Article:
FireMaster FF-1 and 3,3',4,4',5,5'-hexabromobiphenyl, but not
    2,2',4,4',5,5'-hexabromobiphenyl, showed tumour-promoting activity. 
    In a two-stage rat liver bioassay using phenobarbital as promoter,
    3,3',4,4'-tetrabromobiphenyl showed a weak initiating activity.  In
    the two-stage rat liver model, using diethylnitrosamine and partial
    hepatectomy, FireMaster, 3,3',4,4'-tetrabromobiphenyl, and
    2,2',4,4',5,5'-hexabromobiphenyl showed tumour-promoting activity, but
    3,3,',4,4',5,5'-hexabromobiphenyl did not.

    The results of the studies on cell communication, the negative results
    on genotoxicity and mutagenicity, and the results of tumour-promotion
    assays indicate that the mixtures and congeners studied cause cancer
    by epigenetic mechanisms.  No information is available on technical
    octa-, nona-, or decabromobiphenyl.

    The mechanisms of action underlying the many manifestations of the
    toxicity of PBBs and related compounds are not known. However, some of
    the effects, such as the wasting syndrome, thymus atrophy,
    hepatotoxicity, skin disorders, and the reproductive toxicity, may be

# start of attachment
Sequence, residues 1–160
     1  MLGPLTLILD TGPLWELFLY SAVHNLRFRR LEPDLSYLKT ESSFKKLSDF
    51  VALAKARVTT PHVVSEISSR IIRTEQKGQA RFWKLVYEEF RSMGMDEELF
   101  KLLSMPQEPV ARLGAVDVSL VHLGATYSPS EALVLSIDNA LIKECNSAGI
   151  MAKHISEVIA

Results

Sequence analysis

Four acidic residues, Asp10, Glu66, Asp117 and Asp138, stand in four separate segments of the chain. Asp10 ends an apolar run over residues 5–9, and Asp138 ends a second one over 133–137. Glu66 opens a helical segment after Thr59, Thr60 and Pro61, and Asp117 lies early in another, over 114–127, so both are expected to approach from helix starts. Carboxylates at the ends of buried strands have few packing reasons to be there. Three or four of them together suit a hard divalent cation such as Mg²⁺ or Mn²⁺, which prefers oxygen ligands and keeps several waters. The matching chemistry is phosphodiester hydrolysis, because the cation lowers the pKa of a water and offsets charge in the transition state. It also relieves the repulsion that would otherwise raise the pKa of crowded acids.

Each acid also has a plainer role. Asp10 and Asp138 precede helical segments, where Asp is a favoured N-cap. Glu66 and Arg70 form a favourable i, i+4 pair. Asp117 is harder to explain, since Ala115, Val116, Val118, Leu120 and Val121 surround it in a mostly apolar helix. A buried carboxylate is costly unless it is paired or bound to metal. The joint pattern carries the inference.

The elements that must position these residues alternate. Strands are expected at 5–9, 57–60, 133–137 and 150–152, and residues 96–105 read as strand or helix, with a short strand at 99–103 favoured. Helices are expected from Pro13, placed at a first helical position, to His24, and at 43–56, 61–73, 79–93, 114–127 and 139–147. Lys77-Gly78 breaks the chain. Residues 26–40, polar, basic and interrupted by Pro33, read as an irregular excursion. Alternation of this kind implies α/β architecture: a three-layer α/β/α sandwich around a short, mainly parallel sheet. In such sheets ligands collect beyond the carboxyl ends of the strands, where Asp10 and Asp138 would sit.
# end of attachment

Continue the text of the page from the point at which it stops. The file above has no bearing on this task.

related to interaction with the so-called Ah- or TCDD-receptors
    causing alteration in the expression of a number of genes.  Different
    PBB congeners vary in their interaction with the receptor, the
    coplanar congeners being more active.

    Many of the PBB effects are seen after long-lasting exposure.  The
    reason for this observation may be the pronounced accumulation of some
    PBB congeners and the poor ability of the body to metabolize and
    eliminate them.  This results in a build-up of the chemical in the
    body which overcomes the compensatory mechanisms and leads to adverse
    effects.

    Some polybrominated naphthalenes (PBNs), known contaminants of the
    FireMaster(R) mixture, are potent toxicants and teratogens. Although
    PBNs are only present at low levels in the FireMaster(R) mixture, it
    is possible they may contribute to its toxicity.

    Studies of the FireMaster(R) mixture and its main component,
    2,2',4,4',5,5'-HxBB, showed that the photolysis products were more